The US Department of Veteran Affairs (the VA) offers a variety of benefits to Veterans and their loved ones from health care to financial benefit programs. Pension with Aid and Attendance is a benefit for non-service connected Veterans, meaning Veterans that did not sustain an injury or aggravation to an injury during wartime service. This program is “Needs- Based.” There is often the misconception that every Veteran is automatically eligible for such benefits due to being in the service. However, this is not always the case. The questions then become; does a Veteran qualify for Pension with Aid and Attendance and what are the requirements?

Although a Veteran must first be eligible for the pension portion of the benefit prior to receiving Aid and Attendance, the process can often be complicated and become a waiting game. The criteria contains a service component in addition to a medical need, as well as an asset and an income limitation. A Veteran must meet all of the criteria to obtain benefits. In addition, a spouse and certain dependents of a Veteran may also be entitled to benefits. However, they must also meet certain requirements to obtain the benefit.

To qualify, the Veteran must have served on active duty for a period of ninety (90) days with at least one day being during a wartime period. The wartime periods are outlined by the Veteran Administration, and include World War II, the Korean Conflict, the Vietnam Era, and the Persian Gulf War, to name a few. The Veteran must have been discharged under conditions other than dishonorable. In addition, a Veteran must be either 65 years or older or permanently and completely disabled.

Since this type of VA program is for those with limited financial means, there is a net worth determination. While the VA has stated that there is no specific asset limit defined by law, $80,000 is often used as a measuring scale at the high end for the net worth limitation. However, the age and asset amount of the applicant should be analyzed prior to submitting an application.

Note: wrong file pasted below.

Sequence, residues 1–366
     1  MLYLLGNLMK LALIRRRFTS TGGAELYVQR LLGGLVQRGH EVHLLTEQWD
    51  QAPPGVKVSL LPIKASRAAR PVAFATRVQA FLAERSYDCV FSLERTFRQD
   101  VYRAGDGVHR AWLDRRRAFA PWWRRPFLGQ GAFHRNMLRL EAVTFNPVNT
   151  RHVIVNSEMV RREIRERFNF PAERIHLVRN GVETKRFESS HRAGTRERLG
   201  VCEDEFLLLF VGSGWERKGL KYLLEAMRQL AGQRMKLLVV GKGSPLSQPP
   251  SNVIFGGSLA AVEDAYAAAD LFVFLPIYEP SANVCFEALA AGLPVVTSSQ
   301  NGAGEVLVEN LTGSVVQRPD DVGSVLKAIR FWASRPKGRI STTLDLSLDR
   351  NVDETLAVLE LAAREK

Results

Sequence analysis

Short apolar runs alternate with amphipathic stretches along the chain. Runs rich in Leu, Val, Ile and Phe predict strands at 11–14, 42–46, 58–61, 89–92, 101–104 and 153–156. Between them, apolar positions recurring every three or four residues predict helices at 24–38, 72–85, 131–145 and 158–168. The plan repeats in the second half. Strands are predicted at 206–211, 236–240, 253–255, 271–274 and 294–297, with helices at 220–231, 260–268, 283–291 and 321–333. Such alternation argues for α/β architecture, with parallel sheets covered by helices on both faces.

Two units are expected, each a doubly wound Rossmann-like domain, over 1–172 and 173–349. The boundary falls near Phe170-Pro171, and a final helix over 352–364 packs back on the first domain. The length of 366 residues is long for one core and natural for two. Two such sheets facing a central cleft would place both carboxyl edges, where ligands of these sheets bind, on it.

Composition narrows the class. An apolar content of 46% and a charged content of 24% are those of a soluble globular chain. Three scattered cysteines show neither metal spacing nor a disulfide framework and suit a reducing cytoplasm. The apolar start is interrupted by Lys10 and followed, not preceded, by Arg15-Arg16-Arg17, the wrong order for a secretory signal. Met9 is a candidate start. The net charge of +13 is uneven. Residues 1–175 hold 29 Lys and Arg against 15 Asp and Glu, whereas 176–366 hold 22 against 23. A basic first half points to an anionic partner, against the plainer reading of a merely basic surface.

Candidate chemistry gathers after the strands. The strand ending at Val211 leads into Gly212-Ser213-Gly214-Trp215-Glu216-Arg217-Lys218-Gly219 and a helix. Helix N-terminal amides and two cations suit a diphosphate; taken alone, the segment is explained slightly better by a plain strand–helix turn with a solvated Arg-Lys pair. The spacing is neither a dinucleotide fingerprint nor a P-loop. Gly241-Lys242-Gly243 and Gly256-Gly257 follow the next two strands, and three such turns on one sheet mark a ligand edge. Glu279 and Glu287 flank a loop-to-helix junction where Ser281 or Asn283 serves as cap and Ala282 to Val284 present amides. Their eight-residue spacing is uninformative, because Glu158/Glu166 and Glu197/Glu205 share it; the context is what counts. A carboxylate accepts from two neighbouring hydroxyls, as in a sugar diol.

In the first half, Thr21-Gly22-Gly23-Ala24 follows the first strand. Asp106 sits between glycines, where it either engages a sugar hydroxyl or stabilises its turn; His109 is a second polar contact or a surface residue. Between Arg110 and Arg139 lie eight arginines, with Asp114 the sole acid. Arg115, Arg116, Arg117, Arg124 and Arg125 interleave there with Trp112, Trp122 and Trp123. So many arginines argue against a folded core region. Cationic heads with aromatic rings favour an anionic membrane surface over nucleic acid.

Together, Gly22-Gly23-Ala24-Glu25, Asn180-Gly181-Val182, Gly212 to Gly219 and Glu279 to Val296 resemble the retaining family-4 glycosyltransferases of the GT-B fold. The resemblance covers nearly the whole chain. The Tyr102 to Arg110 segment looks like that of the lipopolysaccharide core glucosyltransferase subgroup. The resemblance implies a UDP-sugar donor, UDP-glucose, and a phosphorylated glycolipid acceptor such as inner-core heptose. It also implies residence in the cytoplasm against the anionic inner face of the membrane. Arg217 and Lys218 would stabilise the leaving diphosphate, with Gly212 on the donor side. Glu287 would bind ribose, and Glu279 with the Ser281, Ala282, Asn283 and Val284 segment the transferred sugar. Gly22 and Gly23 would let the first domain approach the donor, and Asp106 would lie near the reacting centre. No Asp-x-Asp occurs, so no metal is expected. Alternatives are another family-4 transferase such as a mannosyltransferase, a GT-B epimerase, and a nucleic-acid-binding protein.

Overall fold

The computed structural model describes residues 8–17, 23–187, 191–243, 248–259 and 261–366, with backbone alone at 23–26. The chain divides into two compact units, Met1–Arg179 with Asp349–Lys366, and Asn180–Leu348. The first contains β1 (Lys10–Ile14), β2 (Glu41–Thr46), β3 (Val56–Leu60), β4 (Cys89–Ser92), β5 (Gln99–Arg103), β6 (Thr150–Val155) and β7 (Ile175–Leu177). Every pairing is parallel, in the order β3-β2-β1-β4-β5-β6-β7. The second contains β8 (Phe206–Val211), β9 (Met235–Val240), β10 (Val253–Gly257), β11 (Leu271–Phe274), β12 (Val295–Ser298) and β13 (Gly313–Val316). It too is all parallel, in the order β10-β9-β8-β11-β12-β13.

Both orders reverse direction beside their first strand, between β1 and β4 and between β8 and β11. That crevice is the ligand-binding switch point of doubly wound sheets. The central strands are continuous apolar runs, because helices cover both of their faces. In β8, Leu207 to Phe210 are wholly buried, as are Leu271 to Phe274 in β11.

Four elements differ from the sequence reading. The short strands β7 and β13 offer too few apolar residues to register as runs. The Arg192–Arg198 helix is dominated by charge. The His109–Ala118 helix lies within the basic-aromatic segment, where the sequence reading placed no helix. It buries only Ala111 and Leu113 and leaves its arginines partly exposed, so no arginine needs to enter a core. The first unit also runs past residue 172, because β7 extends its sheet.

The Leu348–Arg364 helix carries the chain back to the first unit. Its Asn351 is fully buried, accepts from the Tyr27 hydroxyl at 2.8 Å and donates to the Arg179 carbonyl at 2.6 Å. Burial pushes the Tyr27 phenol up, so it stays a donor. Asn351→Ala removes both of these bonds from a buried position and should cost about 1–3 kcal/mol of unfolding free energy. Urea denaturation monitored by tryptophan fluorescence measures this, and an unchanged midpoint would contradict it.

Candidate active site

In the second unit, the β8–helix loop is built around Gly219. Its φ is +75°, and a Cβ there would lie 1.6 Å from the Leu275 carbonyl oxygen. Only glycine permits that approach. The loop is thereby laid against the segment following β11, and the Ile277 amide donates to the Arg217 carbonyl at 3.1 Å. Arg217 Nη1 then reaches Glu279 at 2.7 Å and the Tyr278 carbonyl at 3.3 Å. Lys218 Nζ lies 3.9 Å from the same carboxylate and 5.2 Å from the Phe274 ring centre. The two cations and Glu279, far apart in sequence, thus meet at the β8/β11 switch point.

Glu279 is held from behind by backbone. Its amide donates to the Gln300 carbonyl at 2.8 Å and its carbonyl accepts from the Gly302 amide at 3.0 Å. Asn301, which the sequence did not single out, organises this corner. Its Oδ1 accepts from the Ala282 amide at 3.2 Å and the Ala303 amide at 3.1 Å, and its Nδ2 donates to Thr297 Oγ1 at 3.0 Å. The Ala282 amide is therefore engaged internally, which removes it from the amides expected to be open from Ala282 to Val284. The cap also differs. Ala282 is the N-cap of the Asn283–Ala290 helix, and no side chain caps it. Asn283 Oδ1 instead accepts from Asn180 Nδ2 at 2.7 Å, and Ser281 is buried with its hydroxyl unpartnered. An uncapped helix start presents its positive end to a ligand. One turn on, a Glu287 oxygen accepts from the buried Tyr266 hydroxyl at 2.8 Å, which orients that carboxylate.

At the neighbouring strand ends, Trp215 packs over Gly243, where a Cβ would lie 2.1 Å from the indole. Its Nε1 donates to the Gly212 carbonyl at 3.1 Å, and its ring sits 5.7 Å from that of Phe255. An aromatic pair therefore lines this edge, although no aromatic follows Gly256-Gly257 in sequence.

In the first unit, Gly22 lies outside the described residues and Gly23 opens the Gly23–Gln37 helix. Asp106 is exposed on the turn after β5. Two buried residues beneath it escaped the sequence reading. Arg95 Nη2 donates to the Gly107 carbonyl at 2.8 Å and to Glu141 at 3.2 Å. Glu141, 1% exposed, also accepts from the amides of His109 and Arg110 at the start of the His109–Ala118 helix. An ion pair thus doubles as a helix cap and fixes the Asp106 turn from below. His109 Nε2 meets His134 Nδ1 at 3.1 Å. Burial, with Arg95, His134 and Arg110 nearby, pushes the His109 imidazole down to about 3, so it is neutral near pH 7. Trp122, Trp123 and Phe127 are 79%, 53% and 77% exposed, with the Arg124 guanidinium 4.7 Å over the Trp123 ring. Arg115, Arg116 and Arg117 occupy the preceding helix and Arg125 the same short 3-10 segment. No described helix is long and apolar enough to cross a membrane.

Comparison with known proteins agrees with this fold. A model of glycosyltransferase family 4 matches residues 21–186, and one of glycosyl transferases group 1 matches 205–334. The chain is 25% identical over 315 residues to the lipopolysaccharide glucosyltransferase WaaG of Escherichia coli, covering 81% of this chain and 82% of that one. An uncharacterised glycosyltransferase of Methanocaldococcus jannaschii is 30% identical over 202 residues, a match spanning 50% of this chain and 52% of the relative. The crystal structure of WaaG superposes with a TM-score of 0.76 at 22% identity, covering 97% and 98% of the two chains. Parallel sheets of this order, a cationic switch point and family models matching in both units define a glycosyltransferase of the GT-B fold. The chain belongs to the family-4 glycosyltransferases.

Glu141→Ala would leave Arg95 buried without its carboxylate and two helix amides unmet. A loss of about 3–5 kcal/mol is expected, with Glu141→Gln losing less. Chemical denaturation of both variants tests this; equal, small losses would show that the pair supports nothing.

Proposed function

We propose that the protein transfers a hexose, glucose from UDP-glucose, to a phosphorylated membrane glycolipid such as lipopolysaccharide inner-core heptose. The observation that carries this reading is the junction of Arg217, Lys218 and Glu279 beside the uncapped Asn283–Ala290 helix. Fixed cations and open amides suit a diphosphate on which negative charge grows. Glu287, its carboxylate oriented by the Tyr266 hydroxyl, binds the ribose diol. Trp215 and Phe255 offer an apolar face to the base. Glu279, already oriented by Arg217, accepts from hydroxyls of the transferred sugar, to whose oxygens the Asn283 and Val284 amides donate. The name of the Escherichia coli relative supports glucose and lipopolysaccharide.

Lastly, eligibility is contingent on Gross Countable Income. This is determined by combining the gross monthly income for all sources (i.e. social security, pension, etc.) from the Veteran and/or spouse and reducing it by the out of pocket monthly recurring medical expenses. This math equation will assist in determining the amount of the benefit, if any. The higher the unreimbursed medical expenses, the better chance of benefits. If the unreimbursed medical expenses exceed the gross income amount, the applicant may receive the full benefit. This type of benefit will be helpful to pay for the costs of home care and assisted living. For some, it may even assist with the costs of a skilled nursing facility.

This chart reflects the current Monthly Pension Rates/Fact Sheet for Pension with Aid and Attendance (Effective date 12-1-2017)

 

Improved Pension Maximum

Aid Attendance Maximum

Veteran

$1097

$1830

Veteran with 1 Dependent

$1436

$2169

Widow of a Veteran

$735

$1176

Widow with 1 Dependent

$963

$1403

Veteran Permanently Housebound

$1340

n/a

Same as above with 1 Dependent

$1680

n/a

Widow Permanently Housebound

$899

n/a

Same as above with 1 Dependent

$1126

n/a

Only a VA accredited Attorney and Agent can assist with these type of applications.

Medicaid and/or Veteran long-term planning, whether in a crisis or if done proactively in pre-planning, involves a comprehensive plan to protect assets within the parameters of the laws, in order to avoid a client, their spouse, and possibly their family from financial impoverishment. It is imperative to speak to with a specialist to customize the proper plan for each family’s unique situation.

Medicaid & VA Conflict

When the time arises that clients and their families begin dealing with the aging process and the medical needs that can accompany them, finding solutions becomes the priority. However, beware; what one program allows may be completely different from another. This is often the case when planning for Medicaid and Veteran Benefits. There is some overlap with criteria, but the strategies used often lead to problems with eligibility between the two. Hiring a specialist to assist can negate ending up in the Medicaid/VA conflict.